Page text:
An amiable if unsurprising daily diary (covering all of 1995 and half of 1996) from the great British thespian. Now in his 80s and almost completely retired from stage and screen, Guinness (Blessings in Disguise, 1986) seems content to go gently into that good night. His days are pleasantly routine; he reads the morning papers, feeds the fish in his pond, walks with his dogs, and enjoys the occasional jaunt into London. After the cocktail hour and a hearty supper, he curls up with a good book or a BBC documentary on the telly. Occasionally he takes a flutter on the national lottery, hoping to hit it big and go on an art-buying spree. But the greatest excitement is provided by brief holidays on the continent. It's all very, very British, and undemanding anglophiles will find much to revel in here. On the evidence of the diary, it's clear that Guinness would make an admirable, extremely genial dinner guest, charming, intellectually curious, with a nice supply of mildly amusing anecdotes. But the general effect here is as comfortably worn as an old pair of slippers. Age is the great enemy of actors—it destroys the crucial ability to remember their lines, reducing them to smaller and smaller roles. This, and diminished energies, are why Guinness now rejects almost all the offers that come his way. Whether it's British phlegm or stoicism or both, he calmly suffers the many insults and indignities of his aging body—his blind eye, his diminished hearing, etc. In contrast to the memoirs of many American actors, there is little egocentrism and a great deal of intelligence and aesthetic sensitivity here, as well as a keenly literate style. Guinness truly enjoys good books, music, and art, and he remains an active playgoer. His diary may not make for gripping material, but it does seem to suggest an ideal way to spend one's retirement.

Pub Date: Aug. 1, 1997

ISBN: 0-670-87589-9

Page Count: 224

Publisher: Viking

Review Posted Online: May 19, 2010

Kirkus Reviews Issue: June 1, 1997


The author's youthfulness helps to assure the inevitable comparison with the Anne Frank diary although over and above the...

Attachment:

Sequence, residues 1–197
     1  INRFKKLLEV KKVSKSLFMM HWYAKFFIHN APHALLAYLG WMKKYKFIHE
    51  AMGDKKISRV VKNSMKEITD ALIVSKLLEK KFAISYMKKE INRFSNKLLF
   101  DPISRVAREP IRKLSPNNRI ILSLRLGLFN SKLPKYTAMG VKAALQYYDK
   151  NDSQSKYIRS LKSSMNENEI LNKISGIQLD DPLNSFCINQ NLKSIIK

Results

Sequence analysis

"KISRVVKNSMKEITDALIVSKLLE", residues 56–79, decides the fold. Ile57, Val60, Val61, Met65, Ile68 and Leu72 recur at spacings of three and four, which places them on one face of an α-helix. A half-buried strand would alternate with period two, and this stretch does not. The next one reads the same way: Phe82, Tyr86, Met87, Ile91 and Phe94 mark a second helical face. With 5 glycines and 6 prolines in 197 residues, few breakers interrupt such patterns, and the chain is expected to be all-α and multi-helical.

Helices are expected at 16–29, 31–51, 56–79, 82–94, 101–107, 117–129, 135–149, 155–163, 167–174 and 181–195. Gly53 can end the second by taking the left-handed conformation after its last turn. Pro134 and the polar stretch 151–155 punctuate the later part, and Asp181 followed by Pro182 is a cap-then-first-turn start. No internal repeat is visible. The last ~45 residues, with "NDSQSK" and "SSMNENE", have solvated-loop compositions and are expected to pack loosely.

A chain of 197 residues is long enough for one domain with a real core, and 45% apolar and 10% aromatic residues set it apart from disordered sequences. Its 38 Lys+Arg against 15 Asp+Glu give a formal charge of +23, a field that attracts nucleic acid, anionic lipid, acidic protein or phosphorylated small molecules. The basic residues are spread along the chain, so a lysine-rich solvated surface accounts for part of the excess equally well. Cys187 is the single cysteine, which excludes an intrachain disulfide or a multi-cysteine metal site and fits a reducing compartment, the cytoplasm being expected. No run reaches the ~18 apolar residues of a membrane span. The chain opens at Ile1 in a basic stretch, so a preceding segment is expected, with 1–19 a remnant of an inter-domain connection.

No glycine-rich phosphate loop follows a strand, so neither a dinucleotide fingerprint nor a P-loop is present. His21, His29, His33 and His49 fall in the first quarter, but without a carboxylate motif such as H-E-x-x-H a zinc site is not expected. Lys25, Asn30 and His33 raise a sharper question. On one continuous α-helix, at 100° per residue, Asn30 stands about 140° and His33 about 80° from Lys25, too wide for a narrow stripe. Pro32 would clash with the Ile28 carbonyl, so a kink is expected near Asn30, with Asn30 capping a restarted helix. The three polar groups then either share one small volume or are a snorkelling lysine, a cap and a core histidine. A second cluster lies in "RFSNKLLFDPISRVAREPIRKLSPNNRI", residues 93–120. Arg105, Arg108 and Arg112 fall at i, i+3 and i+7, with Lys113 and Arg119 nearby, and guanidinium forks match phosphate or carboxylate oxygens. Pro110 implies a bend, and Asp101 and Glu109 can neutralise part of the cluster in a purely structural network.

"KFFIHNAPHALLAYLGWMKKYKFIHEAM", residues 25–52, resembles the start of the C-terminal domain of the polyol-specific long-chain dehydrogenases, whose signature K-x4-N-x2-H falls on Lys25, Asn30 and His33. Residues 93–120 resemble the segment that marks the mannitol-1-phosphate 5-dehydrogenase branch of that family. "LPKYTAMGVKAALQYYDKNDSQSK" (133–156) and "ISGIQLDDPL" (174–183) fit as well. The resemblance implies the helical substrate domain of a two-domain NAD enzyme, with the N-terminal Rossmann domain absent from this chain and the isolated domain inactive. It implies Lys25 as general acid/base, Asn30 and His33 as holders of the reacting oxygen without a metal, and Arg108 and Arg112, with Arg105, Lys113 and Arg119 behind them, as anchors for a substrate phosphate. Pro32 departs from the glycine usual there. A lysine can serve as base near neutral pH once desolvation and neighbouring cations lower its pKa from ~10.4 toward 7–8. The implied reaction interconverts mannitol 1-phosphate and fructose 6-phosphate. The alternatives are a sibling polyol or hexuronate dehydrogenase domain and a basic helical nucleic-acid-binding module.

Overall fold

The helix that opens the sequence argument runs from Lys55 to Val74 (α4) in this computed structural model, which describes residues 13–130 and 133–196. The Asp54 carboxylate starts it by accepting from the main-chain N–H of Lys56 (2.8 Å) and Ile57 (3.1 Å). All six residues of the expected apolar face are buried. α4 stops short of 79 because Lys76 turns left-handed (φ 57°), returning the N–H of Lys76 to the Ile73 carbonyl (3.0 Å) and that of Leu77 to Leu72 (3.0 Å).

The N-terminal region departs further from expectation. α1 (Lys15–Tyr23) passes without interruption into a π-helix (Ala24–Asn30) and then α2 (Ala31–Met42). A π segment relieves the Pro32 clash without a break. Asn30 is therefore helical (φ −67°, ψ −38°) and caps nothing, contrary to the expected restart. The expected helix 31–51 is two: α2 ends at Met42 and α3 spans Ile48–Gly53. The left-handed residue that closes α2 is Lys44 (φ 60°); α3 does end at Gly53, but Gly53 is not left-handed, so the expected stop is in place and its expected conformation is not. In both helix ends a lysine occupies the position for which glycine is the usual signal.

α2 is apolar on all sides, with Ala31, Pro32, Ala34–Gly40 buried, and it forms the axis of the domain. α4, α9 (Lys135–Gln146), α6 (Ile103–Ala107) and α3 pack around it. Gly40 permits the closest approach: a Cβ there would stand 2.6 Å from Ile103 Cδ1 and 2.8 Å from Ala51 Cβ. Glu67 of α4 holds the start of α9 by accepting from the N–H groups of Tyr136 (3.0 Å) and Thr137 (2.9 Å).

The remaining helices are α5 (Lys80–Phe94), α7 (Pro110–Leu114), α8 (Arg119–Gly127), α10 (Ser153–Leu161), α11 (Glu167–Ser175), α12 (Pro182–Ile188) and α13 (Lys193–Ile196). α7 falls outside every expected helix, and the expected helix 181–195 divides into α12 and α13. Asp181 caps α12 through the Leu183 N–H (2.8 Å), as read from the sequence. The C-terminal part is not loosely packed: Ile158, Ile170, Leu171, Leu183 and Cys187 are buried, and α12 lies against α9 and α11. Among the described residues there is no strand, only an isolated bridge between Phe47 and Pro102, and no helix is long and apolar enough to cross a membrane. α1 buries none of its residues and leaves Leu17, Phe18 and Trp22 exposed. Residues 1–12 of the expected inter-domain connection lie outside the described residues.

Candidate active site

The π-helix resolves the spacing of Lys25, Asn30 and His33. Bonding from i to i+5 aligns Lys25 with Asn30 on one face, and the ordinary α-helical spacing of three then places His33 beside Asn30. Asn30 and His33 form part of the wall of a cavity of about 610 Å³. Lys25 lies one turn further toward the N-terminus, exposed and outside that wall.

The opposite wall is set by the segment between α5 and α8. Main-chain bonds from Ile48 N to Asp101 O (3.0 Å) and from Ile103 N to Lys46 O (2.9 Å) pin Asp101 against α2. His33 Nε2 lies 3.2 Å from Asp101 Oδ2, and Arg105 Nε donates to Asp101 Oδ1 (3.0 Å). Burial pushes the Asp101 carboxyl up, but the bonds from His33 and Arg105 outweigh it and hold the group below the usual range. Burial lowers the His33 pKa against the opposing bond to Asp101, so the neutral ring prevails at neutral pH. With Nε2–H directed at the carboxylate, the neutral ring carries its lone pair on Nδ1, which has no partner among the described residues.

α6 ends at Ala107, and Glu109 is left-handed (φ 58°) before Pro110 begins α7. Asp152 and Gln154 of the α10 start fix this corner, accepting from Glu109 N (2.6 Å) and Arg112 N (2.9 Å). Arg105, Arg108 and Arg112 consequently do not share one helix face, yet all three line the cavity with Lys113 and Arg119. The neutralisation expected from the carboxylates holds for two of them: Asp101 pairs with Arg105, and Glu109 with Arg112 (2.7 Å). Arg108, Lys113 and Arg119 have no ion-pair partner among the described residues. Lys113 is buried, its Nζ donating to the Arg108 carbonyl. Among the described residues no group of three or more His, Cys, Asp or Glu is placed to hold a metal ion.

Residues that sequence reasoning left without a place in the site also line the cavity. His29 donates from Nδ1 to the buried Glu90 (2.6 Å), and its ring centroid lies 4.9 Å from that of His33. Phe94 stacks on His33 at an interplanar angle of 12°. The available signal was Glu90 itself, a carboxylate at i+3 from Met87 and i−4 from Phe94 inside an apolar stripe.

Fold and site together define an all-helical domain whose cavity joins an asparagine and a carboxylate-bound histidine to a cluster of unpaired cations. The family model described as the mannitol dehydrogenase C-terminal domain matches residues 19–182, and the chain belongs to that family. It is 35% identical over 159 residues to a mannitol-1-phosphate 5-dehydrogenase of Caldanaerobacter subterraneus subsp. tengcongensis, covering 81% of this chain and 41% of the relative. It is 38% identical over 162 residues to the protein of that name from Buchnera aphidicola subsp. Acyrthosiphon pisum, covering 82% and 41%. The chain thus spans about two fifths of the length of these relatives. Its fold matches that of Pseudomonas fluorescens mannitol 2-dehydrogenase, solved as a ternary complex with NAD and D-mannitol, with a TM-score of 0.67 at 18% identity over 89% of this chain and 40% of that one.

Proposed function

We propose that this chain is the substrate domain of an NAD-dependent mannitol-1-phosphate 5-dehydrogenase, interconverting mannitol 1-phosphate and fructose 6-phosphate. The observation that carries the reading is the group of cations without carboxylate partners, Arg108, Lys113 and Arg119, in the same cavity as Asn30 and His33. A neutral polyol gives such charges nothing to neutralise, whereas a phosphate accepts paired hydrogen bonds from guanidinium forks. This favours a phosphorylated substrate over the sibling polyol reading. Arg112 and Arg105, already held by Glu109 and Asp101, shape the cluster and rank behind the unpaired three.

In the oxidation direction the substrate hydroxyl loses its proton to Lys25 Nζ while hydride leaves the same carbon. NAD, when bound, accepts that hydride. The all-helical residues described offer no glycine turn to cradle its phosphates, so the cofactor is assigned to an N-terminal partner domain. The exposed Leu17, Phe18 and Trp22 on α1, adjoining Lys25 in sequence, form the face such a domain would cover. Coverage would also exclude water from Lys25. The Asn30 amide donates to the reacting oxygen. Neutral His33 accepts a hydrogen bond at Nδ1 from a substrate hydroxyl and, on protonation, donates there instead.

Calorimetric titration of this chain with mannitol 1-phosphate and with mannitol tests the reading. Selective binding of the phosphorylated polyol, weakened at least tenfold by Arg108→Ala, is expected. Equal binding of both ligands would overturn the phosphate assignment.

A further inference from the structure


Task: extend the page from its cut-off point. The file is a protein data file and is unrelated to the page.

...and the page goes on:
Elie Wiesel spent his early years in a small Transylvanian town as one of four children. 

He was the only one of the family to survive what Francois Maurois, in his introduction, calls the "human holocaust" of the persecution of the Jews, which began with the restrictions, the singularization of the yellow star, the enclosure within the ghetto, and went on to the mass deportations to the ovens of Auschwitz and Buchenwald. There are unforgettable and horrifying scenes here in this spare and sombre memoir of this experience of the hanging of a child, of his first farewell with his father who leaves him an inheritance of a knife and a spoon, and of his last goodbye at Buchenwald his father's corpse is already cold let alone the long months of survival under unconscionable conditions. 

The author's youthfulness helps to assure the inevitable comparison with the Anne Frank diary although over and above the sphere of suffering shared, and in this case extended to the death march itself, there is no spiritual or emotional legacy here to offset any reader reluctance.

Pub Date: Jan. 16, 2006

ISBN: 0374500010

Page Count: 120

Publisher: Hill & Wang

Review Posted Online: Oct. 7, 2011

Kirkus Reviews Issue: Jan. 15, 2006



Well-told and admonitory.

Young-rags-to-mature-riches memoir by broker and motivational speaker Gardner.

Born and raised in the Milwaukee ghetto, the author pulled himself up from considerable disadvantage. He was fatherless, and his adored mother wasn’t always around; once, as a child, he spied her at a family funeral accompanied by a prison guard. When beautiful, evanescent Moms was there, Chris also had to deal with Freddie “I ain’t your goddamn daddy!” Triplett, one of the meanest stepfathers in recent literature. Chris did “the dozens” with the homies, boosted a bit and in the course of youthful adventure was raped. His heroes were Miles Davis, James Brown and Muhammad Ali. Meanwhile, at the behest of Moms, he developed a fondness for reading. He joined the Navy and became a medic (preparing badass Marines for proctology), and a proficient lab technician. Moving up in San Francisco, married and then divorced, he sold medical supplies. He was recruited as a trainee at Dean Witter just around the time he became a homeless single father. All his belongings in a shopping cart, Gardner sometimes slept with his young son at the office (apparently undiscovered by the night cleaning crew). The two also frequently bedded down in a public restroom. After Gardner’s talents were finally appreciated by the firm of Bear Stearns, his American Dream became real. He got the cool duds, hot car and fine ladies so coveted from afar back in the day. He even had a meeting with Nelson Mandela. Through it all, he remained a prideful parent. His own no-daddy blues are gone now.

Well-told and admonitory.

Pub Date: June 1, 2006

ISBN: 0-06-074486-3

Page Count: 320

Publisher: Amistad/HarperCollins

Review Posted Online: May 19, 2010

Kirkus Reviews Issue: March 15, 2006

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